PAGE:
Homer's Odysseus (Ulysses in Latin) was up against the fate ordained for him by the gods on Mount Olympus. What's the thread linking the obstacles in Ulysses Everett McGill's path? There really isn't one, except insofar as they each represent one of the Coens' gags. The various confrontations form a series of disconnected set pieces. Because of that they lose strength, even become tedious, repetitive. At times the obstacles take on a social dimension: the fiendish lawman/pursuer, the Bible salesman, the Klansmen. At other times, they have no particular content. The Sirens' sequence, although pretty, seems entirely gratuitous. One feels the brothers simply filling up space and killing time.
The real difficulty, I suspect, and it's bound up with the current state of artistic affairs, is that the Coens still feel the need to keep at a distance a coherent social critique. That would be unfashionable. After all, one serious look at the South in the 1930s, under conditions where such an ideological prejudice was not at work, would surely convince anyone as bright as these filmmakers that the central problem was the existing social order in all its dimensions: banks, sheriffs, racists, politicians and so forth. It certainly would have been possible to have retained the chaos and yet have infused it with more of an organized sense of the world and more of a protest. The narrative—which one is continually hoping will cohere and fully come to life, and never does—would have been something more than merely potentially delightful. As it is, the film is made up of fragments, some convincing, but too many that are irritating.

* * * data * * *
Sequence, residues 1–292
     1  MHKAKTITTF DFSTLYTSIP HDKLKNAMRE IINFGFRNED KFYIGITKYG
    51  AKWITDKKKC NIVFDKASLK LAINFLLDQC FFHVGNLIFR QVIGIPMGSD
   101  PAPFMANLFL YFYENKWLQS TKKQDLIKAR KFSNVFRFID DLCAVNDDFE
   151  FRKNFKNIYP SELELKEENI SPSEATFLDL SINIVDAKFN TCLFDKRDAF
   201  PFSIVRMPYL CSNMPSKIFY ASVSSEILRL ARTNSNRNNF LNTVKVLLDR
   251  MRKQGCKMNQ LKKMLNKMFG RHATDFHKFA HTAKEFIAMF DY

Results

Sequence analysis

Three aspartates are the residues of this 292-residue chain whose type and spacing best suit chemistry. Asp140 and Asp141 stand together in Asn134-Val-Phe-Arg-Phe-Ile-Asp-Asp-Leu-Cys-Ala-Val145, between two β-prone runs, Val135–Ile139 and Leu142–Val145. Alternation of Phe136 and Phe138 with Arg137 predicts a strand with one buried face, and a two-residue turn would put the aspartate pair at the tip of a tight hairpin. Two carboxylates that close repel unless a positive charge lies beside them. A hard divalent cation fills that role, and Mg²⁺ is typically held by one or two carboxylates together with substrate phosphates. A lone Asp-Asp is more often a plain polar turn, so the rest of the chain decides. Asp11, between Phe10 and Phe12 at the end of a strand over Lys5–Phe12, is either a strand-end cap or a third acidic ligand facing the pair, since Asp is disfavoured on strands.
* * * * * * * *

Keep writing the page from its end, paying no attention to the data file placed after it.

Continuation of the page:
In praising the film, critic A.O. Scott in the New York Times points out the presence in early twentieth century American folk music of “the longing for another world.” The reviewer notes intriguingly that “The Big Rock Candy Mountain,” the song that is heard over the threesome's initial escape from the prison farm, “expresses a weary, heartfelt longing for a life free of toil and injustice. ‘O Brother, Where Art Thou?' similarly offers a fairy-tale view of an America in which the real brutalities of poverty and racism are magically dissolved by the power of song.”
This may in part be wishful thinking. It doesn't seem to me the film has that consistently visionary quality, it too often loses track of itself, gets derailed, finds itself at dead ends, and even when it does aspire to that quality, too often O Brother, Where Art Thou? falls back on somewhat facile means of resolving the characters' dilemmas. Nonetheless, it would be interesting to see what the director and writer might produce if they decided once and for all not to take the line of least resistance.